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Deepwater Horizon: Lessons learned 10 years later

In 2015, BP PLC agreed to pay more than $18 billion in fines.

ST. PETERSBURG, Fla. — April 20, 2010, will mark 10 years since the BP Deepwater Horizon oil rig exploded in the Gulf of Mexico. Eleven crew members died.

On May 2, 2010, then-President Barack Obama said BP was responsible for the disaster and that BP “will be paying the bill.”

For 87 days, 200 million gallons of oil spewed into the Gulf. Most of the oil drifted all the way up into Florida’s panhandle.

The spout was capped on July 15, 2010, and was officially declared sealed on Sept. 19, 2010.

The Deepwater Horizon disaster is considered the largest marine oil spill in modern U.S. history.

The tourism industry took a major hit the moment businesses and residents started to see oil appear on Florida’s western coastline.

The environment also suffered. For nearly 10 years, researchers from the University of South Florida tested 2,500 fish and found traces of oil in all of them.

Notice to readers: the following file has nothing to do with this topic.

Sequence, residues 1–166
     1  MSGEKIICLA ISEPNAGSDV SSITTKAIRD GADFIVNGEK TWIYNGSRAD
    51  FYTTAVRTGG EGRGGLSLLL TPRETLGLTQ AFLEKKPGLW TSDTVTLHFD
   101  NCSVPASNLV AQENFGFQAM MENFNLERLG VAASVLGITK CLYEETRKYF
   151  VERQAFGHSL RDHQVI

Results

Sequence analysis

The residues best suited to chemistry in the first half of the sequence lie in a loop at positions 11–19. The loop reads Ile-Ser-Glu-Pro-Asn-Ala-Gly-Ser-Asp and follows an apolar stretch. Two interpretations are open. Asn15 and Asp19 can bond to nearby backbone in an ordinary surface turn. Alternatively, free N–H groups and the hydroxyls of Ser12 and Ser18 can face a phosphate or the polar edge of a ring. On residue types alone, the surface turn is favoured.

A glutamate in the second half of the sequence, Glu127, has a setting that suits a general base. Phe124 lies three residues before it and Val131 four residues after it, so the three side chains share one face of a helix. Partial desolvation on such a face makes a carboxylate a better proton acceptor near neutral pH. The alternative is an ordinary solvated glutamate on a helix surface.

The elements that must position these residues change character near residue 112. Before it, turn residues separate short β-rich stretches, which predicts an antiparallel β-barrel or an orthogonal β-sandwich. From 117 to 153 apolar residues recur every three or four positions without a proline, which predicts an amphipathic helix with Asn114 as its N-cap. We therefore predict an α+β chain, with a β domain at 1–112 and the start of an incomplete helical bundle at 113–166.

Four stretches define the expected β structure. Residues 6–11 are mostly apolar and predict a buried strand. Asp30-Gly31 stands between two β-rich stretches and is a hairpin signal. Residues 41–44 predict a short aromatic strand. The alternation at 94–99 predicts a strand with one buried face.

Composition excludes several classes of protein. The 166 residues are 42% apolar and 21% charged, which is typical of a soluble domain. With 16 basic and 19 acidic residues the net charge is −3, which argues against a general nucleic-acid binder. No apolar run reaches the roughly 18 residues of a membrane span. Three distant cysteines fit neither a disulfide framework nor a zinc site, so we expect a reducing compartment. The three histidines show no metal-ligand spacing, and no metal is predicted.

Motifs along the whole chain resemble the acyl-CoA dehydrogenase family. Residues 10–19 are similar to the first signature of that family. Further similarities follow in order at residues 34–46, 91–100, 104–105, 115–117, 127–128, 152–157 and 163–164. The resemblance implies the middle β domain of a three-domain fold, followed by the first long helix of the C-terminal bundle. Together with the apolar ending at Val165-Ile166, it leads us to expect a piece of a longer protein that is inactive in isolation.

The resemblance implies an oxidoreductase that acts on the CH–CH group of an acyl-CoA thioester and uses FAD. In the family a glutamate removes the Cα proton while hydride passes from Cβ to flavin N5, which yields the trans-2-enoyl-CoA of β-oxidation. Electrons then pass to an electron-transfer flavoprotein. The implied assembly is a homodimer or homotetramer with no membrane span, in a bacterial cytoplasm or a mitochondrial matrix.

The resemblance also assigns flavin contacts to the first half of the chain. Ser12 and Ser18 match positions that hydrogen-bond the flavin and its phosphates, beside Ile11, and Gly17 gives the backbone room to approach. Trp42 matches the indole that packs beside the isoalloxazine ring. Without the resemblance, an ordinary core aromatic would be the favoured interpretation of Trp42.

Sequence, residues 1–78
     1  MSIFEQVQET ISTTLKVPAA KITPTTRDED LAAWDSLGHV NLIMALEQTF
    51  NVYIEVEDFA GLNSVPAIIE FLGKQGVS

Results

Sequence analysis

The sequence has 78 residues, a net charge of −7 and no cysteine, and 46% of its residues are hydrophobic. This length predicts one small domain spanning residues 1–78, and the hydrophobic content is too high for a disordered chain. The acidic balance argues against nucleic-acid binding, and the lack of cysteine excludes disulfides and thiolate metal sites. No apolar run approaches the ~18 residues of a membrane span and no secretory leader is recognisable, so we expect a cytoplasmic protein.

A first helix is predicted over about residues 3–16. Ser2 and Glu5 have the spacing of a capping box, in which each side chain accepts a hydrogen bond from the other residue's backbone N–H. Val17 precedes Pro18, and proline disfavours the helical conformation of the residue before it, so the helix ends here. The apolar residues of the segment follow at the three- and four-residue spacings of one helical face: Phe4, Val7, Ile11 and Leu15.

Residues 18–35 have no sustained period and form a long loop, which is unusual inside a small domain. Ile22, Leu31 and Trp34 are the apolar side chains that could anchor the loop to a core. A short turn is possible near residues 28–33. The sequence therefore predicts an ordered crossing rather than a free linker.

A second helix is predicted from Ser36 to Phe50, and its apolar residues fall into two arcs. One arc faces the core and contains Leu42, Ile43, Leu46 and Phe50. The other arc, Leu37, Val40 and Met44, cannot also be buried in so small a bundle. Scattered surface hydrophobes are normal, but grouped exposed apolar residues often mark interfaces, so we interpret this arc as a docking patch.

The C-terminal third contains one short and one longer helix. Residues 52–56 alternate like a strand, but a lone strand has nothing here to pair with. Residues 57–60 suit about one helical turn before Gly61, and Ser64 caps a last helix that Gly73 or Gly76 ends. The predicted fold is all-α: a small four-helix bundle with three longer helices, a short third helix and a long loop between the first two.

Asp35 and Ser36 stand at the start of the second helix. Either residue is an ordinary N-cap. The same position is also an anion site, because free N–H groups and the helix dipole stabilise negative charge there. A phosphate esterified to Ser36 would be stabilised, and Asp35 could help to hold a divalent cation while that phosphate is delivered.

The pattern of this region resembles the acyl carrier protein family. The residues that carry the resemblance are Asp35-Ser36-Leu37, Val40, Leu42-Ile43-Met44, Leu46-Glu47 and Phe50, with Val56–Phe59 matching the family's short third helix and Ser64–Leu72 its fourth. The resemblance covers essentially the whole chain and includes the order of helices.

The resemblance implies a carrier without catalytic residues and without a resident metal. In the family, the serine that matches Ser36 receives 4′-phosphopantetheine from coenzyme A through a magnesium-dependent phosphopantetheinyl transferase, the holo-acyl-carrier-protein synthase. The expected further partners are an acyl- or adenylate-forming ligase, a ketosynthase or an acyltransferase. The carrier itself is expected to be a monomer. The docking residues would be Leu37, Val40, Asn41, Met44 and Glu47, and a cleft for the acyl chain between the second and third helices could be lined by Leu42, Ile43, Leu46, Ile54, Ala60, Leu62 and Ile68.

In 2015, BP PLC agreed to pay more than $18 billion in fines.

On April 17, 2020, Jenna Stevens, who is the state director at Environment Florida, hosted an online panel discussion with conservationists.

“I was 14, at the time of the Deepwater Horizon disaster,” Stevens said before starting the discussion.

“Seeing my state, our communities, wildlife, and the beaches that I loved grapple with challenges is not a lesson I will ever forget. It's a huge part why I decided I wanted to work for an organization working to prevent disasters like this,” she said.

For about 45 minutes, panelist discussed how the impacts from the oil spill are still being felt today, and what needs to happen to make sure that another offshore drilling disaster doesn’t happen again.  

“There was a commission led by former governor, Senator Bob Graham they came up with a series of recommendations,” said Christian Wagley, of Gulf Restoration Network.

The Obama administration implemented some regulations for rigs and blowout preventers -- the faulty piece in the BP disaster.

“We did learn some lessons from when we put rules in place to try to prevent it from happening again in the future. And now many of those important rules related to the law for banners, third party testing of equipment on the rigs and other safety measures have actually been withdrawn by the Trump Administration,” Wagley explained during the digital panel discussion.

Click here to hear the full panel discussion, which included Rep. Kathy Castor.